Chopper replaces North Shore power lines |

Chopper replaces North Shore power lines

Seth Lightcap/Sierra Sun

The steady roar of helicopter will echo above the tree line on Highway 89 during the month of October as crews from the Sierra Pacific Power Company work to rebuild power lines supplying electricity for nearly 9,000 North Lake Tahoe customers.

The 60,000-volt electric transmission lines were originally built in 1950 and the wooden poles are being replaced by steel poles, which will improve the reliability of the system, said Karl Walquist, spokesman for Sierra Pacific Power, in a news release.

The 72 new steel poles are stronger ” providing greater fire and storm resistance ” and will range from 55 to 90 feet in height, Walquist said.

In addition, the existing wires will be replaced by a new aluminum wire that is both wider and stronger and trees running parallel to the lines are being trimmed to prevent outages during winter storms, Walquist said.

The total cost for the project is approximately $3.3 million and is being subsidized through customer rate funds collected over the years, Walquist said.

The power line stretches approximately 3.1 miles from a substation near Tahoe City to Alpine Meadows on the rocky hillside above Highway 89.

Crews have been hiking in to the area to dig holes for the poles, which must be airlifted to the job site by helicopter from a staging area above Jackpine Street in Tahoe City, said Mike Smart in the release, the utility executive responsible for electric operations at North Lake Tahoe.

Construction will end in early October and is not expected to affect traffic on Highway 89; however, roughly 50 electric customers located along the Truckee River between Tahoe City and Alpine Meadows will continue to experience some scheduled electric outages due to the project, Smart said.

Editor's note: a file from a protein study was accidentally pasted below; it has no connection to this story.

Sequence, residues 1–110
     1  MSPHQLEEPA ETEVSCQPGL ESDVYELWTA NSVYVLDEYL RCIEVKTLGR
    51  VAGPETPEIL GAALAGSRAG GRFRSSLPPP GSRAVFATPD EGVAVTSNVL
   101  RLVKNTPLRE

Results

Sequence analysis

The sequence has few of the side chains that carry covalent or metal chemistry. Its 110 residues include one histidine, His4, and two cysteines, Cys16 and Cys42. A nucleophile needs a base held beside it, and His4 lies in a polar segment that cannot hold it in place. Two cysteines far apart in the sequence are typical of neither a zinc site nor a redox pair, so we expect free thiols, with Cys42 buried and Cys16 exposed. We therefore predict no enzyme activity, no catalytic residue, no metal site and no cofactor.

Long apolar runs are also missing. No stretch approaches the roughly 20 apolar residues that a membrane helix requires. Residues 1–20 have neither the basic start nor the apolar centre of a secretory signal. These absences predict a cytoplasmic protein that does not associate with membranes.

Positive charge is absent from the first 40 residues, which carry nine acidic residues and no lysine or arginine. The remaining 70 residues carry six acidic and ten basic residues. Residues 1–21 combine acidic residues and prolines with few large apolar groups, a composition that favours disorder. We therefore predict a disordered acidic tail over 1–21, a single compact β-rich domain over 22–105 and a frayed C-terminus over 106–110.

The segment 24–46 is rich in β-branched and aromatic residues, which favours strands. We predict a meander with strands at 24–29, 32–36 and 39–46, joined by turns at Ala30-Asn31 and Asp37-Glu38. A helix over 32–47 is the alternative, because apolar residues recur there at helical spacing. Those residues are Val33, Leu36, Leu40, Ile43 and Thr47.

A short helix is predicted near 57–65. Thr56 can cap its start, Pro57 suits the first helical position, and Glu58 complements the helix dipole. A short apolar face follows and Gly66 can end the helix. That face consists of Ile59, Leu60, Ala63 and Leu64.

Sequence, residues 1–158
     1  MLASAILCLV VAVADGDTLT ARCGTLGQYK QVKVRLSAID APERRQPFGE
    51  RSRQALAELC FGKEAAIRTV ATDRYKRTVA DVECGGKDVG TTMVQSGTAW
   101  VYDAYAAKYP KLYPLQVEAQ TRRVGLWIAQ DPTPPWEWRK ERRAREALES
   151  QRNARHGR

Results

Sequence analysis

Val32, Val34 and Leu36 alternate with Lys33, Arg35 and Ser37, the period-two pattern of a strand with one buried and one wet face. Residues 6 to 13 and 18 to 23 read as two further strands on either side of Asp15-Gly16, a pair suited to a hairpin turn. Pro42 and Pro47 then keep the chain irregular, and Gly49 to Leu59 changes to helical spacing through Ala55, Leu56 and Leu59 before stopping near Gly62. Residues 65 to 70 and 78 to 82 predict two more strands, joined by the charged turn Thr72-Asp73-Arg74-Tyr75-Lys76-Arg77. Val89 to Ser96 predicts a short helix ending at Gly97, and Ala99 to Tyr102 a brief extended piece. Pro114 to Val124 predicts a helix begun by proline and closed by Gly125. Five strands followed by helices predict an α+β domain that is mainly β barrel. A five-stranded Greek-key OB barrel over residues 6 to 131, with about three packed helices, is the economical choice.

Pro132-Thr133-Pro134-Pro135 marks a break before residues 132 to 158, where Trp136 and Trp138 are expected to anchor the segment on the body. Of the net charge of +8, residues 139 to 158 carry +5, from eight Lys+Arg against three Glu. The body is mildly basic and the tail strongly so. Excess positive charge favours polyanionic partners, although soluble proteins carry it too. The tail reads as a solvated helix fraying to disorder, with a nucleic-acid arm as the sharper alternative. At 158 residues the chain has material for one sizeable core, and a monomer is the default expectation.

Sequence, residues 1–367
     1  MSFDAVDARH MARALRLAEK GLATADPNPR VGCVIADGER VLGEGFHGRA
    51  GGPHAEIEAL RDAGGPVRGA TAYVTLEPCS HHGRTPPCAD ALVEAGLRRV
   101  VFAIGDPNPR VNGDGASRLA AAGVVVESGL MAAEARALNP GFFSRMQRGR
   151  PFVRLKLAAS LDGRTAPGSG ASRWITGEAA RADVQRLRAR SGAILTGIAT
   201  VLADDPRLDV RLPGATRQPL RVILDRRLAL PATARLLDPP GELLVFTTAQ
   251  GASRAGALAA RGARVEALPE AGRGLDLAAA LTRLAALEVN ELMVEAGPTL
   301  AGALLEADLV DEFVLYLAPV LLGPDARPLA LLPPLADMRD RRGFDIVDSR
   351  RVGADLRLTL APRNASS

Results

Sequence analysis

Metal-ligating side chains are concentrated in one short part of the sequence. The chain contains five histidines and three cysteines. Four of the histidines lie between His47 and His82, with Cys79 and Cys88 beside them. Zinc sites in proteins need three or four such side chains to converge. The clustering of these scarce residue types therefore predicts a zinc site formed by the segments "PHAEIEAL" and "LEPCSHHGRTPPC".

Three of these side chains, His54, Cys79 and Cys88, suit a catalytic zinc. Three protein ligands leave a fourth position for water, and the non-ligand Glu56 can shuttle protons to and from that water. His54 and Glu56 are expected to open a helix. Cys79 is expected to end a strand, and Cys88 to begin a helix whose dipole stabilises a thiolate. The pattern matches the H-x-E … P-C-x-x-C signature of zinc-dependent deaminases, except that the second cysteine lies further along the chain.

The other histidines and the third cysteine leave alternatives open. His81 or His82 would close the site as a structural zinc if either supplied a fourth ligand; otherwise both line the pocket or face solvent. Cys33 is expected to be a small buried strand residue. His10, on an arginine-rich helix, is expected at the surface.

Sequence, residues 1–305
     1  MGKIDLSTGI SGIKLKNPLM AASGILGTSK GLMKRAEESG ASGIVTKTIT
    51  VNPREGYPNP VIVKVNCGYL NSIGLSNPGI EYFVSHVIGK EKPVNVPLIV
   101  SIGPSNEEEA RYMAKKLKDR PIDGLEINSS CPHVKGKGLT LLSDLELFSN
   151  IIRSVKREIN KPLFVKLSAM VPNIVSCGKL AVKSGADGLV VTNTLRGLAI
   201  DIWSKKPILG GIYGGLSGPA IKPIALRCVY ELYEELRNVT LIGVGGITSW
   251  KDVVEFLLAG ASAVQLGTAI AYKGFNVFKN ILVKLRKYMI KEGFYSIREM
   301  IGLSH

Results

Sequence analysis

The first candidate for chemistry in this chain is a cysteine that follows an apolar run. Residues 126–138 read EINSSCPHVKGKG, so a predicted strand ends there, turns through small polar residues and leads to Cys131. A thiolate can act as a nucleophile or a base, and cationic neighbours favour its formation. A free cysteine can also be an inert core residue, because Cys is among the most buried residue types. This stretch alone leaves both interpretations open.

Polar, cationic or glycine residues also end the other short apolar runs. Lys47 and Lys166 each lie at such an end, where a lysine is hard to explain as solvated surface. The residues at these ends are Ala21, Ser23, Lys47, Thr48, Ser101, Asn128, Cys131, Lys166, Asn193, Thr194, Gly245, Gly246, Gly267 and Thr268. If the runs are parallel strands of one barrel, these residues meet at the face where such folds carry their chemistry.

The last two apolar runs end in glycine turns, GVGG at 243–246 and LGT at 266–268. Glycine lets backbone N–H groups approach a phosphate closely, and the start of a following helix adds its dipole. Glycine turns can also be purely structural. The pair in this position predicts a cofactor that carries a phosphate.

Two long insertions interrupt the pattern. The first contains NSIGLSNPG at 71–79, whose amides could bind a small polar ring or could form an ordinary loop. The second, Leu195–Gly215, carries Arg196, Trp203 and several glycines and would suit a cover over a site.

“We appreciate their patience and we’re confident they’ll enjoy more reliable electric service, along with other Sierra Pacific customers on the North Shore when this project is completed in early October,” Smart said.

A tree-removal contractor for Sierra Pacific Power dropped a tree on a power line near the Donner Lake interchange last August, igniting a 170-acre fire near the 6,000-home subdivision Tahoe Donner.

The fire came within a quarter-mile of the subdivision, but no structures were damaged and the fire was fully contained within hours thanks to aggressive fuels reduction programs and quick response from local fire fighting agencies.

The tree removal company has since changed personnel and altered procedures to ensure a similar incident does not occur again, said Karl Walquist, spokesman for Sierra Pacific.

The same company was hired on to clear trees for the new power lines near Highway 89, and Sierra Pacific also hired a private firefighting firm to stand by at the job site as an extra precaution, Walquist said.

“Due to the dry conditions, this is something we would have done whether we were using this same tree company or a different tree company,” Walquist said.

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